U.S. flag

An official website of the United States government, Department of Justice.

NCJRS Virtual Library

The Virtual Library houses over 235,000 criminal justice resources, including all known OJP works.
Click here to search the NCJRS Virtual Library

Role of the Law Enforcement Phlebotomist

NCJ Number
Police Chief Volume: 72 Issue: 9 Dated: September 2005 Pages: 122,124,125
Robert L. Ticer
Date Published
September 2005
3 pages
This article describes the role of trained phlebotomists (persons trained in the practice of drawing blood) in DUI (driving under the influence) cases handled by the Arizona Department of Public Safety Highway Patrol (DPS).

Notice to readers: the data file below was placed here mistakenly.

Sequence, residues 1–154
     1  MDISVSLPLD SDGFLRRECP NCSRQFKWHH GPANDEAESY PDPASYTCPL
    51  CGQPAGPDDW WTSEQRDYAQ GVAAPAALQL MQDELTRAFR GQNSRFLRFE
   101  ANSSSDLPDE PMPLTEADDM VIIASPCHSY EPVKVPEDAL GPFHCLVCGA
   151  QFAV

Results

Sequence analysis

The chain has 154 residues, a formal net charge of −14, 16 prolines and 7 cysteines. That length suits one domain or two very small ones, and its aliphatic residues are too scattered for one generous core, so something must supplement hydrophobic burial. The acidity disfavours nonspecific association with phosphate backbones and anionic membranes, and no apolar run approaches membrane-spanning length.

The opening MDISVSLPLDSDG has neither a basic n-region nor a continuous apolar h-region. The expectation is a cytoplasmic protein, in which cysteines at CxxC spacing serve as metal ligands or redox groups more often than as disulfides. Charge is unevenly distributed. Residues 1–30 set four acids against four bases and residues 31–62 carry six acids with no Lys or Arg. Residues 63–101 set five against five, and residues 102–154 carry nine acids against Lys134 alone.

The DPS has officers who are trained as phlebotomists in drawing blood from DUI suspects. Prior to developing an in-house operation, the DPS relied on hospital phlebotomists to draw blood if consent was given and a breath screening device was not immediately available; however, some civilian phlebotomists were hesitant about drawing blood from uncooperative DUI suspects due to unfounded legal concerns. Based in the initial success of the pilot use of in-house phlebotomists, the DPS now has 103 certified officer-phlebotomists strategically located throughout the State, and other Arizona law enforcement agencies have more than 400 such phlebotomists operating in the State. The use of a search warrant to obtain blood evidence from DUI suspects by phlebotomists has eliminated suspects' refusal from almost all DUI investigations. The DUI Squad's mobile Intoxilyzer vehicle is equipped with a phlebotomy chair, telephone, and fax machine. The driver and officers in the squad are all certified phlebotomists, so they can quickly obtain search warrants from the arrest scene and ensure a proper chain of custody for the blood drawn. This process has significantly reduced booking times and increased the efficiency of operations at sobriety checkpoints. DPS phlebotomists are also used to assist local and county law enforcement agencies with other than DUI cases when DNA evidence is needed, such as in sexual assault, assault, and homicide cases.